The issuance of COA is jurisdictional. Miller-El v. Cockrell, 537 U.S. 322, 336 (2003). A COA can issue only "if the applicant has made a substantial showing of the denial of a constitutional right." 28 U.S.C. § 2253(c)(2). "A petitioner satisfies this standard by demonstrating that jurists of reason could disagree with the district court's resolution of his constitutional claims or that jurists could conclude the issues presented are adequate to deserve encouragement to proceed further." Miller-El, 537 U.S. at 327. When a district court has dismissed a habeas petition on procedural grounds, a certificate will only issue when "jurists of reason would find it debatable whether the district court was correct in its procedural ruling." Slack v. McDaniel, 529 U.S. 473, 484 (2000).
Based on our review of the record on appeal, the district court's order, and Mr. Boyd's submissions to this court, we are not persuaded jurists of reason would disagree with the district court's disposition of Mr. Boyd's § 2241 petition. Although Mr. Boyd's attempts during the limitations period to pursue his legal claims, either through the request for legal advice or relevant legal materials, could be deemed to represent some form of diligence on his part, we are not convinced these actions rise to the level required for the extraordinary relief of equitable tolling. In sum, reasonable jurists would agree with the district court that Mr. Boyd's case does not present "rare and exceptional circumstances" warranting equitable tolling of AEDPA. Gibson v. Klinger, 232 F.3d 799, 808 (10th Cir. 2000).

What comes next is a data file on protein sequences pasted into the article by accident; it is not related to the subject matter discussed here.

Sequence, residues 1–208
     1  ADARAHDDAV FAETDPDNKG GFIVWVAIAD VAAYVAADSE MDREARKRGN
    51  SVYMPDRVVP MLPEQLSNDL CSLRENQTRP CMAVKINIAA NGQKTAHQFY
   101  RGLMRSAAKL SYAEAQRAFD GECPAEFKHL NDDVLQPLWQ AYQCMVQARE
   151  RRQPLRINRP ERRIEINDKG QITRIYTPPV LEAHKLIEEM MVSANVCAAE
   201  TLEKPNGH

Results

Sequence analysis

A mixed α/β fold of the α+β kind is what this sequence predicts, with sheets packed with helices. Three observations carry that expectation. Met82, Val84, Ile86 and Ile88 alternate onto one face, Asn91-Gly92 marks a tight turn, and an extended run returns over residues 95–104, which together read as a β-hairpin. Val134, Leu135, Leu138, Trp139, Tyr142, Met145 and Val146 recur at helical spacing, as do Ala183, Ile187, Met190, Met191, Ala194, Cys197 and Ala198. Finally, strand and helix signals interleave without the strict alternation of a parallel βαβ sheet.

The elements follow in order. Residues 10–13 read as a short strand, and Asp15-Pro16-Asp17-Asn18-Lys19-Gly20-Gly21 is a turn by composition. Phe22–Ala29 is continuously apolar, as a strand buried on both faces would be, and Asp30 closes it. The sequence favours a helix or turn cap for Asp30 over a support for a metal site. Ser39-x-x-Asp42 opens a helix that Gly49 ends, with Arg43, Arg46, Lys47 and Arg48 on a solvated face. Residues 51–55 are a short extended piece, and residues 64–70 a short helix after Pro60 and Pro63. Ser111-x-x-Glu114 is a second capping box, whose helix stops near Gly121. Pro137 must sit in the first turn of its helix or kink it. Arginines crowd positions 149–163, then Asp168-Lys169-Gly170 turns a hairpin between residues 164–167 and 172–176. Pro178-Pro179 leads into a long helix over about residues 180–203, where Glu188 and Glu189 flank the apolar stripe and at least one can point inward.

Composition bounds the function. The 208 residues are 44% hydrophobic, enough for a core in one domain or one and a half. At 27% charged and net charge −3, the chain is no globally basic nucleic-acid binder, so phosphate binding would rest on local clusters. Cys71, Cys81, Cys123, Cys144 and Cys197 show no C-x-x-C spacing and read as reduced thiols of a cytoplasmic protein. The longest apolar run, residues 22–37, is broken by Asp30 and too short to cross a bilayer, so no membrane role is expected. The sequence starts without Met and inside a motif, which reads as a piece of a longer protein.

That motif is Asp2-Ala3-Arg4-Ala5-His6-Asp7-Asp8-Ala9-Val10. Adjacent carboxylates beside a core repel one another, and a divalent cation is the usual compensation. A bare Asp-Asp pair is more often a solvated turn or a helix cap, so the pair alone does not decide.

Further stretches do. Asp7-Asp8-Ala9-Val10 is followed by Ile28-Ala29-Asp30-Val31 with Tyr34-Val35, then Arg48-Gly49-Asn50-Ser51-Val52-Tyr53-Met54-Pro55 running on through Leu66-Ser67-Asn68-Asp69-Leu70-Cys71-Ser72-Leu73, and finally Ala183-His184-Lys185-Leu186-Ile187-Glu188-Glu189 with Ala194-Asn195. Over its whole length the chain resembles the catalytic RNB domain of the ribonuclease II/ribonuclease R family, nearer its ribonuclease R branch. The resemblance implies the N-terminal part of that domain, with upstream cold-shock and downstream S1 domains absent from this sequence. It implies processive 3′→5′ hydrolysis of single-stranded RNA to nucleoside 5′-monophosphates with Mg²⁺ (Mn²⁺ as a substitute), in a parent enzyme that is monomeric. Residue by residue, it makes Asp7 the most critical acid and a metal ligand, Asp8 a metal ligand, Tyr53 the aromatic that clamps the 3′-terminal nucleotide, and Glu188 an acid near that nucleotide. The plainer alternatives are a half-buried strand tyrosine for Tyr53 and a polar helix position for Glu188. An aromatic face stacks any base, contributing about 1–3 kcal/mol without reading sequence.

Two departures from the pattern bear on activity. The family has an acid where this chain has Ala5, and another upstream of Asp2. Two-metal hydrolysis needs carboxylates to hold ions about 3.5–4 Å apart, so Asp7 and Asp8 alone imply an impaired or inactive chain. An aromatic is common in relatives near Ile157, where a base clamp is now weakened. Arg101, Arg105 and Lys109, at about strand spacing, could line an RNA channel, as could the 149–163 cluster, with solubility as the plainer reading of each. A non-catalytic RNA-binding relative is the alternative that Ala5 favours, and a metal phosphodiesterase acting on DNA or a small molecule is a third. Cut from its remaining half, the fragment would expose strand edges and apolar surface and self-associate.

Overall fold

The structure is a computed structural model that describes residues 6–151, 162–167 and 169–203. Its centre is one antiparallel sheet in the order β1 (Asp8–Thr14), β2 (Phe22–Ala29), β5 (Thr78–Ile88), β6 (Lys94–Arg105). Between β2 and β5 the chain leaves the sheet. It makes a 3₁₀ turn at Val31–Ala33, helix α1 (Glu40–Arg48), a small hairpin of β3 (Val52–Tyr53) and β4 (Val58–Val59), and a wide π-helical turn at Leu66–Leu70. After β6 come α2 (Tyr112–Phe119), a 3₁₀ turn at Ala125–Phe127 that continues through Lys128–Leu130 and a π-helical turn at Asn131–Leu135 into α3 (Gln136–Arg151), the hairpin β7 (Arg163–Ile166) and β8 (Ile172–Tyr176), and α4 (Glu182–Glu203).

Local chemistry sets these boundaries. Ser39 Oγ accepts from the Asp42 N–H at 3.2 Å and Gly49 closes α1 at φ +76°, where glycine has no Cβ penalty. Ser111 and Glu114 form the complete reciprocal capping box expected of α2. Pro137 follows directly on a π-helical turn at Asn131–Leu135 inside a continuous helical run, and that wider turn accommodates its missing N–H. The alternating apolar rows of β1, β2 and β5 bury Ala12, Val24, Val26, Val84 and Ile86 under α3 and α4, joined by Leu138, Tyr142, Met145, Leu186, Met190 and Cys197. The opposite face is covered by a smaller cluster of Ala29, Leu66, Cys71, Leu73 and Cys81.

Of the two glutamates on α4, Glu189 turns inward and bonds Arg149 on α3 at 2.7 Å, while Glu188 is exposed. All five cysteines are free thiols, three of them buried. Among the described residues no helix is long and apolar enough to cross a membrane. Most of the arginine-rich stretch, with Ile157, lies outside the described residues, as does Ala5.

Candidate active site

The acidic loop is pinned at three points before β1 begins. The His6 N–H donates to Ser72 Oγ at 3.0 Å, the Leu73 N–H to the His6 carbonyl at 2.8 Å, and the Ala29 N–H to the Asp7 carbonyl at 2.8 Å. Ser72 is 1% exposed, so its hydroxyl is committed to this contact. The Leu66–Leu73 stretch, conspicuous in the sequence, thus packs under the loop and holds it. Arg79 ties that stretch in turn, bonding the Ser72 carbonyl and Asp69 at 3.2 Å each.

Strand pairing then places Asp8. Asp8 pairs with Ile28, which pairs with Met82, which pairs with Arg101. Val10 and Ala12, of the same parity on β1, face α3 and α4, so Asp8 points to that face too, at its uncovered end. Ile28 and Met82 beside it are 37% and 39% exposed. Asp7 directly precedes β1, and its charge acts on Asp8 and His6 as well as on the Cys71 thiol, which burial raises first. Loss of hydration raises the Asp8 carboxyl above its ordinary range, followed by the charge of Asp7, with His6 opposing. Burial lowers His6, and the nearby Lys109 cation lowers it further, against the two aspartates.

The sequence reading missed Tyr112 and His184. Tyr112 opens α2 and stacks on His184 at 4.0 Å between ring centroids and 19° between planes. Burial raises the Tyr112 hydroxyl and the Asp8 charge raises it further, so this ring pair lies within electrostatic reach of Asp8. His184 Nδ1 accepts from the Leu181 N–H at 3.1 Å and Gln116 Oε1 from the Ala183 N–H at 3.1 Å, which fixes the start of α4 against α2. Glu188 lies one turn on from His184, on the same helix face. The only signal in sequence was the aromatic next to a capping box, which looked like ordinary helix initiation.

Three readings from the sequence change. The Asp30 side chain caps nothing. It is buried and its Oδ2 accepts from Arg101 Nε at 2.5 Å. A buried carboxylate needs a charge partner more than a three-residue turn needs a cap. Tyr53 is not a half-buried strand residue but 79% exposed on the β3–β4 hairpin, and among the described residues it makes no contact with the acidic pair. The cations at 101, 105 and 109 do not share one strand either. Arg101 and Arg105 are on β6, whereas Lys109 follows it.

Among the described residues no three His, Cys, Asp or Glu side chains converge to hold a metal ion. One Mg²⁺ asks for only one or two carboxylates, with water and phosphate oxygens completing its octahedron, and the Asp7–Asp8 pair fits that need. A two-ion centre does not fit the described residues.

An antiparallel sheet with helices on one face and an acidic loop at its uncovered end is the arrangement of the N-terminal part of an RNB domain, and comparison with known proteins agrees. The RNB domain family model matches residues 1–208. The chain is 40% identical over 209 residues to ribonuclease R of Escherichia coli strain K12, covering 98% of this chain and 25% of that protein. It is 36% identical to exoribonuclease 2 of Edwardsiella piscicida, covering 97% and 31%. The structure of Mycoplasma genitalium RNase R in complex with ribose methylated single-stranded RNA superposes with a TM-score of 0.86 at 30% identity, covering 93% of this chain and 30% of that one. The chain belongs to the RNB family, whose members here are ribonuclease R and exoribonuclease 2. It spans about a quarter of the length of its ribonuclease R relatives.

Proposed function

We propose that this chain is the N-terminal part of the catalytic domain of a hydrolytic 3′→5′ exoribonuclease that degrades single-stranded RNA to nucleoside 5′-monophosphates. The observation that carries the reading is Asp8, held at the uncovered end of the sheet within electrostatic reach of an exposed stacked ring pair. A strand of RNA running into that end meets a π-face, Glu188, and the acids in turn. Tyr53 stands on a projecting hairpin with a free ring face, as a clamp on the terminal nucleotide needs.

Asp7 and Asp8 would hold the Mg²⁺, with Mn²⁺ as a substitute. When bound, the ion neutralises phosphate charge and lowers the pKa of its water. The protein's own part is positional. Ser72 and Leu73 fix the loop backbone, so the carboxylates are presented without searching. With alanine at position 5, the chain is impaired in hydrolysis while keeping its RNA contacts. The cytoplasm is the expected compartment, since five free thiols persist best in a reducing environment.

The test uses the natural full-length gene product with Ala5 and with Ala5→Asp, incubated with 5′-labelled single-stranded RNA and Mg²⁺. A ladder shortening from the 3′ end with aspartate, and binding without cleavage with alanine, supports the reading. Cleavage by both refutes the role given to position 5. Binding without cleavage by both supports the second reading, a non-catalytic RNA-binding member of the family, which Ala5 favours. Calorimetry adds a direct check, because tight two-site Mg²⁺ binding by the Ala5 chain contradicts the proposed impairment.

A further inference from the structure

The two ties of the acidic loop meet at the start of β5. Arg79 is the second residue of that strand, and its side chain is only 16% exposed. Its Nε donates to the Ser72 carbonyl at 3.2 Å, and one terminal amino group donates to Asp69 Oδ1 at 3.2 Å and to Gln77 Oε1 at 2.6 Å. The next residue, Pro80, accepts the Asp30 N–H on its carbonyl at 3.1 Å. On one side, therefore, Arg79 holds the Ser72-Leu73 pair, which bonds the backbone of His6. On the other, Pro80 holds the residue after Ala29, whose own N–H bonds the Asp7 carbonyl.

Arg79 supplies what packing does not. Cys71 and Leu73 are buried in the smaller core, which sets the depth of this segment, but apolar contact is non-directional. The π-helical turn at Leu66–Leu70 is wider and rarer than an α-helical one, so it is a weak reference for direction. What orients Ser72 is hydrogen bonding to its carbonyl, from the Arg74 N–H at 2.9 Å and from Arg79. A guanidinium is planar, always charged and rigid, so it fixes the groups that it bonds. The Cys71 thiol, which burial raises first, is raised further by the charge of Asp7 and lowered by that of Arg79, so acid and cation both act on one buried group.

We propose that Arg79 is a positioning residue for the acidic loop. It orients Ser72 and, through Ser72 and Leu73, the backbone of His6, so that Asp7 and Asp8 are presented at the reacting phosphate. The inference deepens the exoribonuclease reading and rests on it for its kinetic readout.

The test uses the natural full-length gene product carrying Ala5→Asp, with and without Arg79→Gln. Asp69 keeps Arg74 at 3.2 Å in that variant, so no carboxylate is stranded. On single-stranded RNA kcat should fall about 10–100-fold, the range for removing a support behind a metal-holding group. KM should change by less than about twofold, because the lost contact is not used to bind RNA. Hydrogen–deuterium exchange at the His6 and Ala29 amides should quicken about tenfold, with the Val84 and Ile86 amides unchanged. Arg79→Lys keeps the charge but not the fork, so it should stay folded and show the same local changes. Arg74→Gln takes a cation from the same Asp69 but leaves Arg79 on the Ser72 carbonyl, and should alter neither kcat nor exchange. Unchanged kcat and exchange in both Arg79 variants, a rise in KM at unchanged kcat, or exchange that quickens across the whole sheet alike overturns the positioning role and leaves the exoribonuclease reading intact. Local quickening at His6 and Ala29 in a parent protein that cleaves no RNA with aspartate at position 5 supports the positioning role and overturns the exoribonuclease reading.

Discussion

Accordingly, we DENY Mr. Boyd's request for a COA and DISMISS the appeal. Mr. Boyd's request for an evidentiary hearing is MOOT.
SUBMITTED FOR THE COURT
Stephanie K. Seymour
*.Mr. Boyd initially framed his petition for relief under 28 U.S.C. § 2254. Because he was actually challenging the execution of his state sentences rather than the validity of his convictions, the district court properly construed his petition as arising under 28 U.S.C. § 2241. See Montez v. McKinna, 208 F.3d 862, 865 (10th Cir. 2000).
2.Mr. Boyd was previously sentenced in two other actions in 1969 and 1980, and was on parole for those offenses when he committed the crimes resulting in his 1992 conviction. Mr. Boyd essentially alleges that in calculating his sentence start date and his parole eligibility date for the 1992 convictions, his prior sentences were retroactively enhanced under Kansas statutes governing sentence computation and parole eligibility.
3.Mr. Boyd also asserted he was entitled to statutory tolling pursuant to 28 U.S.C. § 2244(d)(2), for the time during which he sought state post-conviction relief for his claims. The district court rejected this argument noting that Mr. Boyd's state habeas actions were not filed or pending during the one year tolling period of April 24, 1996 and April 23, 1997.
4.The district court summarily dismissed Mr. Boyd's conflict of interest allegations as "not based upon substantial facts." Aplt. App. at 106.
5.Mr. Boyd also asserted, in the most conclusory fashion, that he could rely on this court's allowance for equitable tolling in light of his claim of actual innocence. See Gibson v. Klinger, 232 F.3d 799, 808 (10th Cir. 2000) ("Equitable tolling would be appropriate, for example, when a prisoner is actually innocent."). The district court rejected this argument out of hand as frivolous. The court also rejected Mr. Body's request for an evidentiary hearing on the issue of equitable tolling.